We have been using presenters much more often in our Rails code, with the goal of having views only use “Mustache-level” logic (conditionals, loops, and interpolation). We’ve been happy with the results so far; it really cleans up the views, and moves logic to easily testable objects. In fact, most tests for presenters can be fast specs and still test well.
I’ve gotten the impression that not everyone does presenters the same way, so before getting to the code I’ll clarify. Our presenters are decorator-like, with a restriction that they only transform values, not make any lasting changes to them. Methods are typically “opted-in” for use in the presenter using
Forwardable. For a simple example,
PersonPresenter might have a method called
full_name that combines
Person class only manages the persistance of
last_name. That is, presenters wrap an object with methods for presentation to a human.
Not all of Rails makes this pattern easy to use. We ran into an issue recently when calling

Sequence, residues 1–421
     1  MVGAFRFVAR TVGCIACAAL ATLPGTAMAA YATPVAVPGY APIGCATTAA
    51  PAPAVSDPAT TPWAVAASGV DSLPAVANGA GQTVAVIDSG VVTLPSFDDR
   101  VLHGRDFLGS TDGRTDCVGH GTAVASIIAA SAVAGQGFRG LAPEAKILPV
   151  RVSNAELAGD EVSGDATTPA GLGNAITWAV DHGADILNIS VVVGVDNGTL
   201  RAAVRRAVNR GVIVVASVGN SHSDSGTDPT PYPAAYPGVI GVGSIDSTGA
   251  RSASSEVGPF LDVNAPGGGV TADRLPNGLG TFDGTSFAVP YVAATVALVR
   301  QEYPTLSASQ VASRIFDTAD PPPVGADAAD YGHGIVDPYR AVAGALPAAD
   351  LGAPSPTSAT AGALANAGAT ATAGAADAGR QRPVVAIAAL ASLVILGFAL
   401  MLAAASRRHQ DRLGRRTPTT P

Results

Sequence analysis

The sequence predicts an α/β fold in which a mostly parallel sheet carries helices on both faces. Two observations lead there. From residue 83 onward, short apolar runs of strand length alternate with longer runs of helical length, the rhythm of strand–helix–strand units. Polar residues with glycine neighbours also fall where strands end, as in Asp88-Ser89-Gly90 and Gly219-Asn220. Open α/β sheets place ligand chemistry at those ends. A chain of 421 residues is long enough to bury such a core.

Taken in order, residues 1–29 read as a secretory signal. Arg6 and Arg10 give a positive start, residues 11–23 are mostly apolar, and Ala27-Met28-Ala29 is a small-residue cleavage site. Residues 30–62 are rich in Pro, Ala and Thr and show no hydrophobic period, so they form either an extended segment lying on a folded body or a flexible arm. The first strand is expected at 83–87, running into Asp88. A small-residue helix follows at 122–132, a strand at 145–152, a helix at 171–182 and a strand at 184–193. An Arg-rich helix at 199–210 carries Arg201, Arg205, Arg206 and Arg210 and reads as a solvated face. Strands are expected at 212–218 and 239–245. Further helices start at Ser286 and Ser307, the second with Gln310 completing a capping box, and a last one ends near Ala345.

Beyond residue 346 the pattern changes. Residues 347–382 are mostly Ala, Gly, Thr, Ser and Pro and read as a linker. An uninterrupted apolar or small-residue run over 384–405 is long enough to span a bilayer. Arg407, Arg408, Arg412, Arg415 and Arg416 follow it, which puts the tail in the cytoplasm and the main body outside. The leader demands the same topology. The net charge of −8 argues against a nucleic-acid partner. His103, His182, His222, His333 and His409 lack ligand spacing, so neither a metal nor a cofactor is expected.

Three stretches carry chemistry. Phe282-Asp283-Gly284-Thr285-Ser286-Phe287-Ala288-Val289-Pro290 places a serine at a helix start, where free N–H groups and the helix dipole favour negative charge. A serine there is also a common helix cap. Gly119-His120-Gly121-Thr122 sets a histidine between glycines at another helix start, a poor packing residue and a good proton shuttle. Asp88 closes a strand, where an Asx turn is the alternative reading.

dom_id() in a view. This was our code, roughly:
# File: app/presenters/foo_presenter.rb class FooPresenter def initialize(foo) @foo = foo end def bar # ... end # ... end # File: app/controllers/foos_controller.rb class FoosController < ApplicationController def show foo = Foo.find(params[:id]) # It's nice to only have to expose a single object to the view. @foo_presenter = FooPresenter.new(foo) end # ... end
# File: app/views/foos/show.html.erb <span id="<%= dom_id(@foo_presenter) %>"><%= @foo_presenter.bar %></span>
And this is the error we got:
ActionView::Template::Error (undefined method `to_key' for #<FooPresenter:0x007fc782994a98>): 1: <span id="<%= dom_id(foo_presenter) %>"><%= foo_presenter.bar %></span> [...]
The obvious fix would be to add a
to_key method that just delegates to the model, but that quickly became a rabbit hole. Many more methods were needed, and I quickly gave up.
It turns out that
dom_id() follows a protocol in that it will call
to_model on whatever’s passed in. We can use that to solve our problem. (
ActiveRecord objects just return
self, as you might imagine.) Here’s the fix:
# File: app/presenters/foo_presenter.rb def FooPresenter # ... (previous content) def to_model @foo end end
Now the presenter can be used with
dom_id(), delegating to the presented model. It’s a surprisingly simple solution. :)
(Versions: Ruby 2.0.0, Rails 3.2.12)